photojournalism consistently knocks my socks off

truth be told, i was in sandals this weekend (sorry east coasters) but you get the idea.

“sink or swim,” the photography exhibit i mentioned Friday, was fantastic.  through still photos, audio, and a short documentary film, it tells stories about communities’ reactions to natural disasters involving water. 

small but mighty, it covered everything from hurricane Sandy and Typhoon Haiyan to floating houses in the Netherlands and New Orleans.

my favorite story was how Bangladeshis are coping.  the country’s already flood-prone, but when a recent inundation turned some freshwater areas to saltwater ones, farmers changed their product line, going from harvesting rice to raising shrimp and crab. 

most impressive was how this community saved the local mosque.  flooded and listing to one side, the mosque was about to collapse.  

so the men dismantled it one morning (there’s a photo of about 20 guys carrying the corrugated metal roof) and reassembled it on higher ground in time for noon prayers.

there was no evidence of villagers grousing along the lines of,

“i’m covered in mud and hate everything,” “that’s not how we do things,” or “why’s there so much water?”  instead, adaptability, innovation, and cooperation reigned. 


the exhibit's program.  all photos courtesy of rick smolan and against all odds productions.

the exhibit's program.  all photos courtesy of rick smolan and against all odds productions.

this story has everything.

skylight studios is annenberg’s new exhibition space and also has an impressive show.

“inside tracks” follows Robyn Davidson, a woman who, at age 26 in 1977, crossed 1,700 miles of the Australian Outback to end at the Indian Ocean.  but that’s not all!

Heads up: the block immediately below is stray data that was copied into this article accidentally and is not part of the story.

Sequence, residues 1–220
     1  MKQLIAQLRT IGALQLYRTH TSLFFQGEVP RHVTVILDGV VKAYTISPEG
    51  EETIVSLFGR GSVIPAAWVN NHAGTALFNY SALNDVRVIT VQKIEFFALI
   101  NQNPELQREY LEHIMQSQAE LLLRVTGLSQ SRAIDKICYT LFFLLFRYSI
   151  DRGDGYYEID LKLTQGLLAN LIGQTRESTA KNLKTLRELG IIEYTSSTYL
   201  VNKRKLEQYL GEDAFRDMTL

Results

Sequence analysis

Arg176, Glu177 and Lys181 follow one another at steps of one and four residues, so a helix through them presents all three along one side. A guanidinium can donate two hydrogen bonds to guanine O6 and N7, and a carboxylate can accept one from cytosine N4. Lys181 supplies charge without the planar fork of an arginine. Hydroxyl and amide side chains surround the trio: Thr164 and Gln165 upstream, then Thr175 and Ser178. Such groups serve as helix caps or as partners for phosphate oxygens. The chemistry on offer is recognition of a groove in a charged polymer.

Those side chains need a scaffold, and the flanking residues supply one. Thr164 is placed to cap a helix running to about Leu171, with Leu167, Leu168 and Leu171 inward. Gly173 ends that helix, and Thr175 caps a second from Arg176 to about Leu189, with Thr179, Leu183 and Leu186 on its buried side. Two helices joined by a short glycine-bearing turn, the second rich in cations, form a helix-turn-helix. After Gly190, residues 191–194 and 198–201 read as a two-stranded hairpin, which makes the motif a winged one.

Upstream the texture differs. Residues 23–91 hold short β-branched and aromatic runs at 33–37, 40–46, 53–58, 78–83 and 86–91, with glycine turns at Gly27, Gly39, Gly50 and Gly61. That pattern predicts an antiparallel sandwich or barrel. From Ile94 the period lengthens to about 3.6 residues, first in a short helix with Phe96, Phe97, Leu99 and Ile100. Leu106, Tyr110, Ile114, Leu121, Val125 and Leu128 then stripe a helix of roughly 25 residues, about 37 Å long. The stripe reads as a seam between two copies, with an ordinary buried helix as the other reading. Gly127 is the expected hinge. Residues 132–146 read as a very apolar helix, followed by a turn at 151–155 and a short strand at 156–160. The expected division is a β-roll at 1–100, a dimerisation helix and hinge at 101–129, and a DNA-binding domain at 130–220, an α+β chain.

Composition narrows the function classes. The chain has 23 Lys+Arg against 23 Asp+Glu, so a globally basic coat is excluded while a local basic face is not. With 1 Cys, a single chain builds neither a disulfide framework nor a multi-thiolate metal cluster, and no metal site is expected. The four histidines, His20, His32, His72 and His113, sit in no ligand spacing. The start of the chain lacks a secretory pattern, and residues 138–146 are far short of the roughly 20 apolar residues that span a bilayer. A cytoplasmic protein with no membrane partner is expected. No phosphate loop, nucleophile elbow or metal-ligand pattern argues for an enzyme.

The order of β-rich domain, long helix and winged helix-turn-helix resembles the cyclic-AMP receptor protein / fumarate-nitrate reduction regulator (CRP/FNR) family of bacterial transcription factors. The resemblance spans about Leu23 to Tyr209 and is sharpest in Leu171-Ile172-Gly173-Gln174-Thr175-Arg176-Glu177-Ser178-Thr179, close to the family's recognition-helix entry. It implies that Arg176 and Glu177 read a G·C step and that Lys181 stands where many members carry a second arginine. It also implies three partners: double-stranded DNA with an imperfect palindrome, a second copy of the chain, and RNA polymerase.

National Geographic assigned Rick Smolan, a 28-year-old photographer with the maturity level of a 19-year-old (by his own admission, not my snark), to periodically drop in along the way to shoot. 

other cast members include Mr. Eddie, an elderly Aborigine, four camels, and a dog.  fact is stranger than fiction, my friends.

while the expedition lasted less than a year, she spent twice that amount of time learning wilderness survival and camel training.

i love these stories and want to know everything from “how did you maintain dental hygiene?” to “did the solitude ever drive you nuts?”

fortunately, Davidson wrote a memoir, Tracks: A Woman’s Solo Trek Across 1700 Miles of Australian Outback, which is being made into a movie.  i can’t wait until it’s available from my library.

here’s a quote from the book:

“As I look back on the trip now,…there is one clear fact that emerges from the quagmire. The trip was easy. It was no more dangerous than crossing the street, or driving to the beach, or eating peanuts.

The two important things that I did learn were that you are as powerful and strong as you allow yourself to be, and that the most difficult part of any endeavor is taking the first step, making the first decision.

And I knew even then that I would forget them time and time again and would have to go back and repeat those words that had become meaningless and try to remember. I knew even then that, instead of remembering the truth of it, I would lapse into a useless nostalgia.

Camel trips, as I suspected all a long, and as I was about to have confirmed, do not begin or end, they merely change form.”